This photo collection shows cringe-worthy and just plain awkward Christmas album covers from the past. Music associated with Christmas may be purely instrumental, or, in the case of carols or songs, may employ lyrics whose subject matter ranges from the nativity of Jesus Christ, to gift-giving and merrymaking, to cultural figures such as Santa Claus, among other topics. Many songs simply have a winter or seasonal theme, or have been adopted into the canon for other reasons.
While most Christmas songs prior to 1930 were of a traditional religious character, the Great Depression era of the 1930s brought a stream of songs of American origin, most of which did not explicitly reference the Christian nature of the holiday, but rather the more secular traditional Western themes and customs associated with Christmas.
These included songs aimed at children such as “Santa Claus Is Comin’ to Town” and “Rudolph the Red-Nosed Reindeer”, as well as sentimental ballad-type songs performed by famous crooners of the era, such as “Have Yourself a Merry Little Christmas” and “White Christmas”, the latter of which remains the best-selling single of all time.
According to the American Society of Composers, Authors and Publishers (ASCAP) in 2016, “Santa Claus Is Coming to Town”, written by Fred Coots and Haven Gillespie in 1934, is the most played holiday song of the last 50 years.
It was first performed live by Eddie Cantor on his radio show in November 1934. Tommy Dorsey and his orchestra recorded their version in 1935, followed later by a range of artists including Frank Sinatra in 1948, the Supremes, the Jackson 5, the Beach Boys, and Glenn Campbell. Bruce Springsteen recorded a rock rendition in December 1975.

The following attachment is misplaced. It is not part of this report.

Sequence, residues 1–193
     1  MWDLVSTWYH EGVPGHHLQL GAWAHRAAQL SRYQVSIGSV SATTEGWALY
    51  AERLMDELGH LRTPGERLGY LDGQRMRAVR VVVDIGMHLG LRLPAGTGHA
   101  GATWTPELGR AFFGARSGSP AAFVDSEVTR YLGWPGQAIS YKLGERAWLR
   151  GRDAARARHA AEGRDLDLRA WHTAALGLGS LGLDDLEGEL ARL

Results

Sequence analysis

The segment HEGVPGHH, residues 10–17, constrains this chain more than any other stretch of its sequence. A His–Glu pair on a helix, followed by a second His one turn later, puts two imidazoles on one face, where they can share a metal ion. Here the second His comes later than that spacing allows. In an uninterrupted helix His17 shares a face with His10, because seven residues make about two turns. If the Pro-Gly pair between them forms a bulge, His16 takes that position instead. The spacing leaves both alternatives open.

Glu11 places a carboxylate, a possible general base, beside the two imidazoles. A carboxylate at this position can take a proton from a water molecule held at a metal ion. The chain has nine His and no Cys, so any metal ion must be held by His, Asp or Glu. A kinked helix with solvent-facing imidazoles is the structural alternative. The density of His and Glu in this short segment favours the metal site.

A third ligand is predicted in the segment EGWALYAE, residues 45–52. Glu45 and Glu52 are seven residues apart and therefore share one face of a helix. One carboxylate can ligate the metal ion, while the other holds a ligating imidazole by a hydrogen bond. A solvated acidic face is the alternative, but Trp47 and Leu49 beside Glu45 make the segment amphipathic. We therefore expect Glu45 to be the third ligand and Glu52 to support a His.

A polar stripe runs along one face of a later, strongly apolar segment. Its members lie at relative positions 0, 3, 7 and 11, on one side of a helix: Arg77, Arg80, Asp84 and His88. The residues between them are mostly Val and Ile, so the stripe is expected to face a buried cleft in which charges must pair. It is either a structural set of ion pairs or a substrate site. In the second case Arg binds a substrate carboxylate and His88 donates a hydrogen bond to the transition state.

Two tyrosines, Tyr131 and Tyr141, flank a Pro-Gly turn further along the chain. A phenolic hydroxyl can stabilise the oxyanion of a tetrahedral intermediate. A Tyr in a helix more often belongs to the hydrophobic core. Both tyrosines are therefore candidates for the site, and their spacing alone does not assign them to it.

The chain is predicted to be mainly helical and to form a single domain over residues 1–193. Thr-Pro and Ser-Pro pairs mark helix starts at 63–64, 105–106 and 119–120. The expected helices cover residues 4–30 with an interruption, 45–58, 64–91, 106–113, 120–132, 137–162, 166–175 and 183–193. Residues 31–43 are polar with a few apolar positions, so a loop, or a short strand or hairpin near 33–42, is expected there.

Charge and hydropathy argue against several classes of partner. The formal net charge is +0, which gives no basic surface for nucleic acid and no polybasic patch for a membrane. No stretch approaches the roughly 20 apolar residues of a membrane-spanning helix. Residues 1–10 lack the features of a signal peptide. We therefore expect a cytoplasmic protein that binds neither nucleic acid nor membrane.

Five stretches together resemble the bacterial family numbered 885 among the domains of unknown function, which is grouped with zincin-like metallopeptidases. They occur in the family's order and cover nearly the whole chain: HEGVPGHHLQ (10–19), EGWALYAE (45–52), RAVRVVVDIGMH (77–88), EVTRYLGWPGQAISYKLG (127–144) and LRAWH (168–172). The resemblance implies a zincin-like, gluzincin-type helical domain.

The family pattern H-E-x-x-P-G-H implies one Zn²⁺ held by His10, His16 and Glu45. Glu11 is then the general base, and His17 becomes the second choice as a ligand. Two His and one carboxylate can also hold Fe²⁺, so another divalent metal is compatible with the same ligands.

Long-time Christmas classics from prior to the “rock era” still dominate the holiday charts – such as “Let It Snow! Let It Snow! Let It Snow!”, “Winter Wonderland”, “Sleigh Ride” and “Have Yourself a Merry Little Christmas”.
Songs from the rock era to enter the top tier of the season’s canon include “Wonderful Christmastime” by Paul McCartney, “All I Want for Christmas Is You” by Mariah Carey and Walter Afanasieff, and “Last Christmas” by George Michael.
The most popular set of these titles—heard over airwaves, on the internet, in shopping malls, in elevators and lobbies, even on the street during the Christmas season—have been composed and performed from the 1930s onward.
In addition to Bing Crosby, major acts that have popularized and successfully covered a number of the titles in the top 30 most performed Christmas songs in 2015 include Frank Sinatra, Elvis Presley, Andy Williams, and the Jackson 5.
Since the mid-1950s, much of the Christmas music produced for popular audiences has explicitly romantic overtones, only using Christmas as a setting.
The 1950s also featured the introduction of novelty songs that used the holiday as a target for satire and source for comedy.
Exceptions such as “The Christmas Shoes” (2000) have re-introduced Christian themes as complementary to the secular Western themes, and myriad traditional carol cover versions by various artists have explored virtually all music genres.
(Photo credit: Wikimedia Commons / Pinterest / Flickr).